|New Publication: Larisa Avens, Lisa R. Goshe, Craig A. Harms, Eric T. Anderson, April G. Hall, Wendy M. Cluse, Matthew H. Godfrey, Joanne Braun-McNeill, Brian Stacy, Rhonda Bailey, and Margaret M. Lamont. 2012. Population characteristics, age structure, and growth dynamics of neritic juvenile green turtles in the northeastern Gulf of Mexico. Marine Ecology Progress Series 458:213-229 (Open Access).
"Sampling sea turtle populations in the water is usually very difficult, but mass cold stun events like the one involving ~5,000 turtles that took place in Florida during January of 2010 can offer unique opportunities for doing so. We integrated findings from full necropsies and skeletal growth mark analyses for a subset of green sea turtles that did not survive the 2010 cold stun to learn about population sex ratio, health status, and age structure. The skeletal growth marks also allowed us to look back in time to describe growth patterns and factors influencing growth over the past decade."
For more information on these types of studies, visit the SEFSC National Sea Turtle Aging Laboratory’s webpage.
|New Publication: Muñoz, R.C., Zgliczynski, B.Z., Laughlin, J.L., and B.Z. Teer. 2012. Extraordinary Aggressive Behavior From the Giant Coral Reef Fish, Bolbometopon muricatum, in a Remote Marine Reserve. PLoS ONE 7(6): e38120.
"What does the world's largest parrotfish have in common with hoofed mammals? We discovered that apparently to intimidate rival males and establish dominance prior to mating, male bumphead parrotfish use their enlarged forehead in violent male-male aggressive contests (headbutting). Such behavior has never been reported in marine fishes." For the full publication, click on the parrotfish image.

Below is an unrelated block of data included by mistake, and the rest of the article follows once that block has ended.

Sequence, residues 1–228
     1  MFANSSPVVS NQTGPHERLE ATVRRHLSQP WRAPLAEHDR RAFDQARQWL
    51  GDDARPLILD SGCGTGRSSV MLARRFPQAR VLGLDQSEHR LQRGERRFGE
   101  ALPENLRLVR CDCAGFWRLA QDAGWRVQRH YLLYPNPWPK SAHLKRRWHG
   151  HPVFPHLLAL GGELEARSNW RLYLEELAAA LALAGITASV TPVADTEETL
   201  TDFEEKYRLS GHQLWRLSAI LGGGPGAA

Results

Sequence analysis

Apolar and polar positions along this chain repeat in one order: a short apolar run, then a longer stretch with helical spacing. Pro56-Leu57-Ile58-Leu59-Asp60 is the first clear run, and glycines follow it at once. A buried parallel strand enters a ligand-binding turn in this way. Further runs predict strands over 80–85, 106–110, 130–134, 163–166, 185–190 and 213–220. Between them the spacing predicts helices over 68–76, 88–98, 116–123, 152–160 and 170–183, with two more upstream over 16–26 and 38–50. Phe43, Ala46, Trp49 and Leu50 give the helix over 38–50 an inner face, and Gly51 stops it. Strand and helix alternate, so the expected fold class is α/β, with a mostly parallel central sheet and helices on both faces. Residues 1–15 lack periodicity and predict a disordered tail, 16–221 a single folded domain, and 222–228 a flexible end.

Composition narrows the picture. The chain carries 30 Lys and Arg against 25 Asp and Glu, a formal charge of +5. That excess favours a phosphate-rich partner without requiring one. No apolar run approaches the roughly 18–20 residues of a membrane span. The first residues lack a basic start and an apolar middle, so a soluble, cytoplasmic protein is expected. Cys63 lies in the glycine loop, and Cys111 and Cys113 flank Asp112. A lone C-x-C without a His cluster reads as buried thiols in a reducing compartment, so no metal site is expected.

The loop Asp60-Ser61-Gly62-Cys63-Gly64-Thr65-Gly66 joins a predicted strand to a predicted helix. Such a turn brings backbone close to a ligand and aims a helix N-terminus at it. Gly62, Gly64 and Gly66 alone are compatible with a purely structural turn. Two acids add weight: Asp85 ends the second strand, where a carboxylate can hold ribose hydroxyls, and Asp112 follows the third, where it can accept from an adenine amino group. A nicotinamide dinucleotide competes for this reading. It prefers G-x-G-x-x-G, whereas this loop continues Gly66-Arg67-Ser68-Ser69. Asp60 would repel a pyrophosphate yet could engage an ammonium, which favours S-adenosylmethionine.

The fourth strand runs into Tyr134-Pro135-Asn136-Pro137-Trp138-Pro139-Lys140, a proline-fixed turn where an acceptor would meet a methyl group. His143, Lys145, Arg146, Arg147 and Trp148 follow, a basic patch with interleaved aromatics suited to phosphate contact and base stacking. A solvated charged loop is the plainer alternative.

|New Publication: Natalina A. Dellabianca, Aleta A. Hohn, R. Natalie P. Goodall. 2012. Age estimation and growth layer patterns in teeth of Commerson's dolphins(Cephalorhynchus c. commersonii) in subarctic waters. Marine Mammal Science 28:378-388.
"Can we accurately and precisely estimate the age one of the world's smallest cetaceans? Doing so would help us better understand population dynamics, including effects of animals caught accidentally in gillnets, and assist with evaluating effects of climate change. This article addresses that question and determines that we can."
For the full publication, click on the dolphin image and see (figure 2)
|New Publication: Roberta Petitet, Eduardo R. Secchi, Larisa Avens, Paul G. Kinas. 2012. Age and growth of loggerhead sea turtles in southern Brazil. Marine Ecology Progress Series 456:255-268. Click on turtle image for abstract.
"Which grow faster--juvenile and subadult loggerhead sea turtles from Brazil or from the southeast US? In the first study of its kind, we obtained age and growth estimates from South Atlantic sea turtles by analyzing growth marks in their bones. With these results, we can definitely answer the question with "it depends". For more information on these types of studies, click on the link SEFSC National Sea Turtle Aging Laboratory's webpage.